Baton Rouge were an 80s Hair Metal band who got their first album on the shelves in 1990, in the dying years of Hair Metal. Singer Kelly Keeling left to help form Blue Murder with John Sykes in 1991, precipitating the end of the band. Shake your Soul had limited success at the time, perhaps because their sound is very commercial and slick, at a time when Guns ‘n’ Roses in particular had moved popular music in a different direction.

This music is far from insipid though. The song writing is strong and there’s plenty of groove going on. It’s just that there’s a lot of production, and a lot of big choruses and backing vocals. This is harder than Journey, but closer to that than Metallica, or even Guns ‘n’ Roses.

The album starts with ‘Doctor,’ which opens with a riff that sounds a lot like Led Zeppelin but soon settles into a basic riff rocker. The single, ‘Walks like a Woman’ is next, and it’s shiny and clean, a fun listen but a long way from being the strongest track on the CD.

Ever since Night Ranger had a hit with ‘Sister Christian,’ these bands knew that ballads were the path to commercial success and this album contains two. ‘There was a Time’ is way better than ‘It’s About Time,’ but neither could compete with ’18 and Life’ or even ‘Something to Believe In.’ The rock tracks are much better, from the huge commercial rock of ‘Big Trouble’ to the winding guitar riffs of ‘Bad Time Comin’ Down.’  Elsewhere, ‘Baby’s so Cool’ is perhaps the best example of a song that could have been a lot bigger, if it had just been released a few years earlier, when bands like Survivor or even Autograph were taking commercial pop music with a rock edge to the bank. It’s easy to forget now how much of a game changer the first Guns ‘n’ Roses album was in terms of promoting a rougher image and sound, and these guys appear to have missed that memo, and pressed on as if Appetite for Destruction didn’t happen.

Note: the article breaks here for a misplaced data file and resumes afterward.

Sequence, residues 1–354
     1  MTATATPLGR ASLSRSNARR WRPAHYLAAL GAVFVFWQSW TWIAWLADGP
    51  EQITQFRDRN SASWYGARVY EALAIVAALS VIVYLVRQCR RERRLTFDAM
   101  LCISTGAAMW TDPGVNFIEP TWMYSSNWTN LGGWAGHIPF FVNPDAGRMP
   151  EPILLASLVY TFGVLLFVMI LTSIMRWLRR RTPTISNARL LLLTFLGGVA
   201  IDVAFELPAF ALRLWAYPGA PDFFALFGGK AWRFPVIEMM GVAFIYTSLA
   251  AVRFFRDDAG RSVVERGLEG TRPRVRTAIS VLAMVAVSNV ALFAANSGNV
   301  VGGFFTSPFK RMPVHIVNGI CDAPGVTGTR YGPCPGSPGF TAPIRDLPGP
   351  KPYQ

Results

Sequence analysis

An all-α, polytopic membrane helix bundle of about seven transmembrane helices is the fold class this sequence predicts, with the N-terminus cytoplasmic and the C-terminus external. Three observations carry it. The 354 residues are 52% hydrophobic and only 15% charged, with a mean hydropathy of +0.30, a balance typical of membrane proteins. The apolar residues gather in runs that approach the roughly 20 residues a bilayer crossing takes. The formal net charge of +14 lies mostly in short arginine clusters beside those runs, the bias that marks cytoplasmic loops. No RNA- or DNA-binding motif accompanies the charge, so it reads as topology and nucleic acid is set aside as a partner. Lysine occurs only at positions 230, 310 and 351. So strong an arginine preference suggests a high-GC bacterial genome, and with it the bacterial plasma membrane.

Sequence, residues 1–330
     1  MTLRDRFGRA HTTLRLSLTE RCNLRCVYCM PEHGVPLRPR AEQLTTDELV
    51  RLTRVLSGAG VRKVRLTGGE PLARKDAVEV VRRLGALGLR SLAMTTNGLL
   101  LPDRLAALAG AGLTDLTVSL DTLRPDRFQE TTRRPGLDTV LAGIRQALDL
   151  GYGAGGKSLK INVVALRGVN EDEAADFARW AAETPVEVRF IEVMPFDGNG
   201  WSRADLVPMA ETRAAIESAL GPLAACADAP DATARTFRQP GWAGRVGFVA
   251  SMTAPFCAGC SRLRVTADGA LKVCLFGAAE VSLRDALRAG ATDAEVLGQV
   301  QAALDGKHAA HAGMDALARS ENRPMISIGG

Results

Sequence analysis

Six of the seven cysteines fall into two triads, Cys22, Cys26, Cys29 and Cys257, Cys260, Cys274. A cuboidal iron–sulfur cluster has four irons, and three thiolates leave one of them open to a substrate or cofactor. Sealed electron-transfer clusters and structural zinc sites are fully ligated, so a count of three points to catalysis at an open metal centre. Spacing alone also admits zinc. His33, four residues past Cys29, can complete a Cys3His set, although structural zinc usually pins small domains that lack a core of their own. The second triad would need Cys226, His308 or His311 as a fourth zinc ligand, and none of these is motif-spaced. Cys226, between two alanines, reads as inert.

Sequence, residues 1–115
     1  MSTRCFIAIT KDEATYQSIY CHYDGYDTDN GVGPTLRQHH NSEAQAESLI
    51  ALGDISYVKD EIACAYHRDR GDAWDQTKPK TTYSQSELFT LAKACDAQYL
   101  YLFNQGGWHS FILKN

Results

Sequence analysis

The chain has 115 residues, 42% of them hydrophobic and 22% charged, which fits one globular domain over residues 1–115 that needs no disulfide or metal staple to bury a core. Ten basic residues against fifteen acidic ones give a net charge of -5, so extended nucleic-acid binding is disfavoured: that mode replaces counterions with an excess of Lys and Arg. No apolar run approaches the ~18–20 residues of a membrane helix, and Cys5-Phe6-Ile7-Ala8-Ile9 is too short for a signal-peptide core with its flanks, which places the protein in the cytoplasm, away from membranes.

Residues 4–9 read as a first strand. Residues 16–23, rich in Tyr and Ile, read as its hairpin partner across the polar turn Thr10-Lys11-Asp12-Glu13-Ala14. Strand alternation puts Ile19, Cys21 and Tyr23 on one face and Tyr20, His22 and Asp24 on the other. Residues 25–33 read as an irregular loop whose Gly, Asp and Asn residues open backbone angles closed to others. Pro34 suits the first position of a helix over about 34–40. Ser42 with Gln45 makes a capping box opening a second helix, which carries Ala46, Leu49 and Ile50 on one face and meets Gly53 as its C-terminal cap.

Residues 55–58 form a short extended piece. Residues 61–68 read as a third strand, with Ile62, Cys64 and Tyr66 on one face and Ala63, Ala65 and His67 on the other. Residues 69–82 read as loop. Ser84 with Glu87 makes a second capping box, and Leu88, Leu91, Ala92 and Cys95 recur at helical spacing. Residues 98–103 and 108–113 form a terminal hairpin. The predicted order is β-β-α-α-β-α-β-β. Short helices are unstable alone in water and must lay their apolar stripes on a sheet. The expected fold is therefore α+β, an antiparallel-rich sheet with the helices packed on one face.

There’s an instrumental on here, called ‘The Midge.’ It’s a bluesy acoustic interlude. It feels like an attempt to advertise the breadth of their capacities, something that is better done by the slower rock of ‘Young Hearts.’ It’s fair to say that no one in this band was an exceptional musician, the guitar playing is typical of the era and not outstanding and the vocals are good, but not amazing. The strength of this album comes down entirely to the songwriting and the production. If you like this sort of AOR influenced rock, then this is an album you’re likely to listen to and wonder why you’d never heard of it before.

The band reformed for the second Rocklahoma festival in 2009. They played a side tent, but were so well received that they announced they were reforming. At this stage, it seems unlikely that they are moving forward with anything. Lance Bulen continues to be active in his band, Kingbaby, and Kelly Keeling continues to actively gig, with a piano show and a Beatles tribute show.